Twice as many homes and businesses in and near the city would be in flood zones under new maps that may force more property-owners to buy flood insurance, complicate post-Superstorm Sandy rebuilding for some and confront others with the choice of building higher or paying considerably more for insurance.
The Federal Emergency Management Agency released the revised maps Monday. They're preliminary but will likely become a basis for changes to building laws and insurance requirements in coming years.
"What we're trying to do is provide the means, immediately, for people who want to move forward now to be able to do so," city Deputy Mayor Cas Holloway said. And for everyone else, he said, the information provides "time to think and plan what kind of changes they would want to make."
The maps represent one of the first concrete signals of how officials will carry out vows to rebuild smarter after Sandy and what that will mean for property owners.
Under the new maps, Jim Donovan's home in Brooklyn's Gerritsen Beach neighborhood needs to be 11 feet above sea level to avoid flooding in the so-called "100-year" storm — one so strong it's given a 1 percent chance of happening in any given year. Donovan, whose basement took on more than seven feet of water during Sandy, says he thinks his ground floor clears the 11-foot mark, but he's concerned for neighbors whose homes sit lower.
"Where are these people going to get the money from to raise their homes? And if they don't raise their homes, then how are they going to get insurance? And if they can't get insurance, what happens to their mortgage?" said Donovan, a construction manager. "... It's complicated, to say the least."
Overall, the flood zones now cover 35,000 more homes and businesses, sweeping up more of the coastline and reaching farther inland. In Brooklyn, for example, the Seagate, Brighton Beach and Manhattan Beach neighborhoods are now included alongside already designated areas like Coney Island.
While the expansion is striking, after Sandy, "it's good to have a map like this, to be guided accordingly," said Borough President Marty Markowitz.
And the maps— available on FEMA's website — so far address only Brooklyn, Staten Island, Queens and suburban Westchester County. Maps for the rest of the city are expected next month. Long Island's maps were updated in 2009.
The current flood maps for the city date to the 1980s. A revision was already planned before Sandy, but the Oct. 29 storm "created an urgency for us to do it," said Michael Byrne, who's overseeing FEMA's Sandy response in New York state. The storm devastated sections of Staten Island, Brooklyn and Queens, swamped lower Manhattan and flooded some areas that had been expected to stay dry.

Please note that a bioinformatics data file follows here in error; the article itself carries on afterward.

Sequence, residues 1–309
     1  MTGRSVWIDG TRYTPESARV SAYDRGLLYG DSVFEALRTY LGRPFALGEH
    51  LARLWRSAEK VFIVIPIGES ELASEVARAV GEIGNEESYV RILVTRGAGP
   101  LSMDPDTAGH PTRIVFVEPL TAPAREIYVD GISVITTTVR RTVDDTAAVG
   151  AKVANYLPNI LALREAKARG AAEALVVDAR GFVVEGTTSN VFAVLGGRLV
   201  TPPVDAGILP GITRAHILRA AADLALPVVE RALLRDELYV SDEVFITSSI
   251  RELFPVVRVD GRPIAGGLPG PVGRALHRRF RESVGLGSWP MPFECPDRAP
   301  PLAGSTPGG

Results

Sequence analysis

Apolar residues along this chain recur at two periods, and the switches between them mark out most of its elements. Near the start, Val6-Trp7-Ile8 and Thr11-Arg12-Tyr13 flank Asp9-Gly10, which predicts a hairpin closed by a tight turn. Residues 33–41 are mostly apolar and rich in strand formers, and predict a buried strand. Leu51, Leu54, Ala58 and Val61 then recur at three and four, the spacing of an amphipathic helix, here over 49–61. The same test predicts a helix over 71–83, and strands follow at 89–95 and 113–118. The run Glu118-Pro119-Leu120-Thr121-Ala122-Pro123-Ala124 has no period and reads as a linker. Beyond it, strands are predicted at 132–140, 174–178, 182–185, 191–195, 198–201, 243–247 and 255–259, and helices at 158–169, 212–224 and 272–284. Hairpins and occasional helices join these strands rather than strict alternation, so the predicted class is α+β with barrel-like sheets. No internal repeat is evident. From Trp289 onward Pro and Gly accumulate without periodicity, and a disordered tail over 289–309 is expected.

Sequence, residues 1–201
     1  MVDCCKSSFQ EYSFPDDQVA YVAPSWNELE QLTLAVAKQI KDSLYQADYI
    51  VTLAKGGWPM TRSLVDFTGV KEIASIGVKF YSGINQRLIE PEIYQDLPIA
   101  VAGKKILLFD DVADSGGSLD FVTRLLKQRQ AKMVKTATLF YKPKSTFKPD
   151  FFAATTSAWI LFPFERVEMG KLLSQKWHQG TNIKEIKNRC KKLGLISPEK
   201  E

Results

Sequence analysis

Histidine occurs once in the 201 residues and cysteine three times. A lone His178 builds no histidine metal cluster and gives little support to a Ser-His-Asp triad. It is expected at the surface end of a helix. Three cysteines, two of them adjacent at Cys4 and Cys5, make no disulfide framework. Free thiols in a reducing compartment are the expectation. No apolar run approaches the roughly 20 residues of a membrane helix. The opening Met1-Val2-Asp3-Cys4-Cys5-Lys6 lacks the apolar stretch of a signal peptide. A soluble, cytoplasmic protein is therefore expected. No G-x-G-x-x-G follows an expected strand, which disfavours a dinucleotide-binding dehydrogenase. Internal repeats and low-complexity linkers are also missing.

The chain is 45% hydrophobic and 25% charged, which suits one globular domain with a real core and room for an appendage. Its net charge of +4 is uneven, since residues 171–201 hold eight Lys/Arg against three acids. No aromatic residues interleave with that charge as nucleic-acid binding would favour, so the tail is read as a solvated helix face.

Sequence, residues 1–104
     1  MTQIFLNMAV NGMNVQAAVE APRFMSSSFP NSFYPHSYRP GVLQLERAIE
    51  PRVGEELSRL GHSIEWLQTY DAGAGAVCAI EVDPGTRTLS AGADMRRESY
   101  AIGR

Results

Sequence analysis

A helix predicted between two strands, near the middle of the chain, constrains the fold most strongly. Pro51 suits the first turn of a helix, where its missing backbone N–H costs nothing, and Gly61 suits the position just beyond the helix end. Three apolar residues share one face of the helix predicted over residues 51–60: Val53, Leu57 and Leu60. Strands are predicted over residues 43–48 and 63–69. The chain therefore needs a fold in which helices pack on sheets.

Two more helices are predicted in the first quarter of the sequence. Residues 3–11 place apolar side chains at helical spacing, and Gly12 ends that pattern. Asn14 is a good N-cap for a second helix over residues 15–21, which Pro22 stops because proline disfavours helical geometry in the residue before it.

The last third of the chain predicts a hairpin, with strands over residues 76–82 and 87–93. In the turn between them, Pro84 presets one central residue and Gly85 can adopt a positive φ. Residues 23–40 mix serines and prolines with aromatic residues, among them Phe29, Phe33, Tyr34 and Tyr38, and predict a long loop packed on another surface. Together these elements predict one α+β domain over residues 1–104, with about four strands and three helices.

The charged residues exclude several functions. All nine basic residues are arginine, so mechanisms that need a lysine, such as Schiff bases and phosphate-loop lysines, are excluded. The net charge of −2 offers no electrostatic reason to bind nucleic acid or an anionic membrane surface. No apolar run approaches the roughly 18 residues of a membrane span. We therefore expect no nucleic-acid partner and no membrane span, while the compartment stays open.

A roughly two-year review is expected before new maps become official. The impacts vary by property, depending on topography and the present height of a building's ground floor.
Some "might already be safe ... but there are going to be plenty of cases where people have to bring their homes up higher," said Jon Janowicz, a FEMA official working on the mapping project.
The costs aren't immediately clear and likely will vary depending on the type of building and other factors. Officials said they were working to determine what government help might be available.
For many property owners, the difference between the old and new flood lines is three to six feet. That means new construction eventually will probably have to be set three to six feet higher than what is currently required, since the city is expected to revise building laws to reflect the new zones.
That's not likely to happen for a couple of years, but city officials are working on a plan to allow and encourage Sandy-damaged property to be rebuilt at the new level, Holloway said.
Some new projects were already being revised in anticipation of the new maps. Developers of a massive Ferris wheel, outlet mall and hotel on Staten Island, for instance, began planning after Sandy to move the project up a few feet.
But higher elevation requirements could be another hurdle for people struggling with whether to fix their properties, Staten Island Borough President James Molinaro said. Some of his constituents' mortgages were under water before their homes were; some have older homes that might not withstand being lifted, he said.
"It's not as simple as you might think: 'OK, we'll get the house, we'll pick it up, we'll put four studs underneath, and you're in compliance,'" he said.
The new maps may have expensive effects even for properties that weren't inundated by Sandy.
An expanded flood zone means more owners may have to buy flood insurance; it's generally required for properties with federally backed mortgages.
And those who already have flood insurance could pay substantially more for it if their properties sit below the new flood levels. Under changes to the federal flood insurance program last year, owners of a $250,000 home with a ground floor three feet below the flood level would pay $9,500 a year, compared with $1,410 for a house at the flood line, according to FEMA, which administers the flood program. The increases are to be phased in over five years for existing buildings, after new maps are formally adopted.